Season 2, Episode 1
Written by Jacqueline Hoyt
Directed by Mimi Leder
The Leftovers airs Sundays at 9 pm on HBO
“We are the 9261. We are spared.”
This review contains spoilers.
The Leftovers returns with an epilogue set hundreds of thousands of years ago, before recorded human history. A heavily pregnant woman awakes in the night and walks out of a cave to relieve herself. She looks to the moon, spies a hawk and an earthquake throws her to the ground. In distress, the woman tries to free her tribe mates, who are trapped inside the cave which has been covered by an avalanche of rocks. To no avail is she able to free her people and then she begins to labor. Her baby is born, with difficulty and pain; she cradles the newborn in the early morning, while gazing at the rocks which have encased her people in the cave. She is alone in the world with no protection and subsequently dies due to an infected snake bite. By sheer luck, a woman from a different tribe happens upon the dead woman laying next to a lake, still holding onto the screaming infant. She picks up the baby, looks with curious sadness at the dead woman and walks away, cradling her adopted foundling. The scene then segues to modern-day Jarden, Texas where three young woman splash about in the very same lake by which the ancient woman died. Jarden is the post-Departure Garden of Eden(jardin being the word for garden in both Spanish and French); the place were 9261 people did not disappear during The Departure. This place of marvelous exclusion from the pain of The Departure is dubbed Miracle National Park; a locale laced with hope and mysterious happenings.
The tone of this episode is decidedly different than the previous crushing misery displayed in the debut season of the series. The stabbing pain of The Departure remains, joined by elements of cryptic secrets, which reveal themselves through new characters and the town of Jarden. Family is still integral to The Leftovers, with the Murphy’s of Jarden leading the action in episode one. We first meet Evie Murphy(Jasmin Savoy Brown), a quick-witted teen, swimming in the lake with her two best friends. Evie seems to be your typical teen, yet is not in many ways. She has epilepsy, which in many cultures is seen as a conduit to receiving spiritual visions, as well as her name Evangeline in Greek translating to ‘messenger of good news’. A very peculiar scene in which Evie and her two friends are seen running naked through a forest tells us something is going to happen to her or she is accepting it; whatever it is. She and her friends are not running away from anything, instead towards it. As Evie approaches the camera closely, she raises her arms to the sky and closes her eyes. She has accepted something we do not know about and which may cause much pain to her family and her town.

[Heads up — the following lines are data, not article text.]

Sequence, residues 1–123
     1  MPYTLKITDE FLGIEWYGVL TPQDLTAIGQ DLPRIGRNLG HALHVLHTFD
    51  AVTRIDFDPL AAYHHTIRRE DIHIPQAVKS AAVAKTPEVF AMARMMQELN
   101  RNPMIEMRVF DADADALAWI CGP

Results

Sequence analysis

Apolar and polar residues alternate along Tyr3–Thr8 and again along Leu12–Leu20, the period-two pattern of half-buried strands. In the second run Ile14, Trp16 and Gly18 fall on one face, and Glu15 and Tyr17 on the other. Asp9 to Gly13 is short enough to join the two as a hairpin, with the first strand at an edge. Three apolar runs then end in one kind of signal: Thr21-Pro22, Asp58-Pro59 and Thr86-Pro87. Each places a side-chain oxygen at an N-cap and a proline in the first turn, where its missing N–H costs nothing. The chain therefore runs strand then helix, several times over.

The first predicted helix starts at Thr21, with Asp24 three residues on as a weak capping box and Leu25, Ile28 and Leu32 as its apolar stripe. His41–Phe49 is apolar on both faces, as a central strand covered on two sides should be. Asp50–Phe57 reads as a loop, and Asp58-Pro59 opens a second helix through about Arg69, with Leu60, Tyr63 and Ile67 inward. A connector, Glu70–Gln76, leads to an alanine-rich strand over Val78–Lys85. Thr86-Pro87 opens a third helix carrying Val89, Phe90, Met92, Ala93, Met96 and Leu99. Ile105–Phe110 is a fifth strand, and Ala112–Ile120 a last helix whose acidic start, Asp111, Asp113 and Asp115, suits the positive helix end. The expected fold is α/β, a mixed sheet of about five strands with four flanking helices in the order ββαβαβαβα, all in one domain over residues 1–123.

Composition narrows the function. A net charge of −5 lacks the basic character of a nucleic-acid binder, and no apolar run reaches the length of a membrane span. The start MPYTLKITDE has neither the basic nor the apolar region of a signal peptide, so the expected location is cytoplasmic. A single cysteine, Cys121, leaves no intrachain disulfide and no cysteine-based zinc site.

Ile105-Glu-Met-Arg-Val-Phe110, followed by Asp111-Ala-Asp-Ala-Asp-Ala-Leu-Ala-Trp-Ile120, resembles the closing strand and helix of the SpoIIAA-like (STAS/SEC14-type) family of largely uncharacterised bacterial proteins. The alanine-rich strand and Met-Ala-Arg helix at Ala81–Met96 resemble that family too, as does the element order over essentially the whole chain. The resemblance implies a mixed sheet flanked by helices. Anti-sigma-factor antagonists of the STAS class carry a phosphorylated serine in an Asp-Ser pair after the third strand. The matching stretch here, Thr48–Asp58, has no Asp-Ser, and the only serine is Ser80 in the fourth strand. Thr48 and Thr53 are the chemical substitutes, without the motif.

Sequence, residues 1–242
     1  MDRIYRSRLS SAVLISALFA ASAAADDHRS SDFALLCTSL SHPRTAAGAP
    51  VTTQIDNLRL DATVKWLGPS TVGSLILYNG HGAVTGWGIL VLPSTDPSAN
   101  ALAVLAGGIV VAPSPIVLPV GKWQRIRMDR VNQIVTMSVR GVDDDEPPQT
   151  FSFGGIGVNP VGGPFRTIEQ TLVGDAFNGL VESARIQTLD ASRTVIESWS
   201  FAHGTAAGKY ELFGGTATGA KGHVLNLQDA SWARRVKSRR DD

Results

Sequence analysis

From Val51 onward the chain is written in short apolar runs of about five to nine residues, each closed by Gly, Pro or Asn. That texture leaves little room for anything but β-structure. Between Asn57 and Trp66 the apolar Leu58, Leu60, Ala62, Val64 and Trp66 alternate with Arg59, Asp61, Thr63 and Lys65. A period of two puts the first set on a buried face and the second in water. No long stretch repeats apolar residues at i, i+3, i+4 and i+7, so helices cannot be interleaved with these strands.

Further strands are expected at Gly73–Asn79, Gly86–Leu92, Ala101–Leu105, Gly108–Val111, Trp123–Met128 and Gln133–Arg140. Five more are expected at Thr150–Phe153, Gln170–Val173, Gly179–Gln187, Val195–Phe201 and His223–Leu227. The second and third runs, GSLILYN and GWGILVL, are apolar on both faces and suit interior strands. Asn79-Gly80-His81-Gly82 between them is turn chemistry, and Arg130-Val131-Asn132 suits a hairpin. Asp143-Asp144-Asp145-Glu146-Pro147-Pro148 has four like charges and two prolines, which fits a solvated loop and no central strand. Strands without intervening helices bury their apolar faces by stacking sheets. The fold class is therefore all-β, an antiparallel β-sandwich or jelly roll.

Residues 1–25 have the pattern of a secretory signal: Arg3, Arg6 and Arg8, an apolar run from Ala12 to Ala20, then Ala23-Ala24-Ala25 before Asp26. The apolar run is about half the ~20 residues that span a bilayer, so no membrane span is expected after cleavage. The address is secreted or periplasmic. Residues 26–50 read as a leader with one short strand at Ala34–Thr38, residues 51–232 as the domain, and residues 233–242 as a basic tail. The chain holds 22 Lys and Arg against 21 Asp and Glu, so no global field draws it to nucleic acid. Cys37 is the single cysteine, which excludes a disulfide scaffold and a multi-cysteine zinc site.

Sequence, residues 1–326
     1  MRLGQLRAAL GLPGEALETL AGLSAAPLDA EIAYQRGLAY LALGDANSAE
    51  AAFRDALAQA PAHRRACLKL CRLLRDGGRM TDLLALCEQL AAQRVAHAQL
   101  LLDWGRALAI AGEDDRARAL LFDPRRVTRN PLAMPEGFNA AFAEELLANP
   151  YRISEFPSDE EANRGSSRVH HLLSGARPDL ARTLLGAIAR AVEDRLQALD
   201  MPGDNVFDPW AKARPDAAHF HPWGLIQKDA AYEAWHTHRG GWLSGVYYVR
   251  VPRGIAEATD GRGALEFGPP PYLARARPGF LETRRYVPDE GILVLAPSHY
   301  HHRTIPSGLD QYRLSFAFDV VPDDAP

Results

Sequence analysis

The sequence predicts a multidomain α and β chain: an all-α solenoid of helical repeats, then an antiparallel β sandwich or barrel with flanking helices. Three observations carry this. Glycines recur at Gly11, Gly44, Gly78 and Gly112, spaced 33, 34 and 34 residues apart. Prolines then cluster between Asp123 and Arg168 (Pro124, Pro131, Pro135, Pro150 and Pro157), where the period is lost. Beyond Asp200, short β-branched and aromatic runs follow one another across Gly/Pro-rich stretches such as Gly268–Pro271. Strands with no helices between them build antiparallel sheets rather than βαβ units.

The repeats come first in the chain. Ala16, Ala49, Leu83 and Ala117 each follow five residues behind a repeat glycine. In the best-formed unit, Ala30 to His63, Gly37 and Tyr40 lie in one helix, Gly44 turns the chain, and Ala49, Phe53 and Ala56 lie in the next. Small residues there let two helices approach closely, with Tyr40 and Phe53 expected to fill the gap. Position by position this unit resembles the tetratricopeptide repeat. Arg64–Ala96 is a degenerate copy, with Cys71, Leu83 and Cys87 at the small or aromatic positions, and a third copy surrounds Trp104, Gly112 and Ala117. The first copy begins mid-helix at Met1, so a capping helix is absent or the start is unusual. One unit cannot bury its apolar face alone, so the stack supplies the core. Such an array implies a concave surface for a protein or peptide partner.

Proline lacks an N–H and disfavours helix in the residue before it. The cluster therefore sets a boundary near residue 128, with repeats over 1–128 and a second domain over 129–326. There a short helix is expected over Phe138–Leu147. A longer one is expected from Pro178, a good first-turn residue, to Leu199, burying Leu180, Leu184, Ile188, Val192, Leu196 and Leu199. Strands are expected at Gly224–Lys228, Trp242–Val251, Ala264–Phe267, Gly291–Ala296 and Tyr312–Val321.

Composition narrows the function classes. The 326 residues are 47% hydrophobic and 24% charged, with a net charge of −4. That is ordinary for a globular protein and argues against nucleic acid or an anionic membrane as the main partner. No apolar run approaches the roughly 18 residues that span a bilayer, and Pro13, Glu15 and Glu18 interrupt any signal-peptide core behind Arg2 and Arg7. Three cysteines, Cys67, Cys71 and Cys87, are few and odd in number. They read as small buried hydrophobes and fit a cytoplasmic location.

Evie’s brother Michael Murphy(Jovan Adepo) is a good deal different than his sister, as siblings often split to opposite poles. Michael(a name which comes from the Biblical Archangel Michael, leader of the Army of Heaven) is a compassionate, sweet young teen who is a junior minister and helps those in need. He tends to lean towards the nerdy side of life; he is utterly uncontroversial. He is embarrassed by his sister’s cursing and is gentle to everyone; he visits the elderly and prays with them, when other teens would be out goofing off. Michael offers vials of water from the lake to tourists visiting Jarden, for only a donation. He does not want to make money off the water, he wants to entice people to visit his church. Michael’s gentle manner and loving spirit will have to bolster him against the unbelievable event which closes the episode.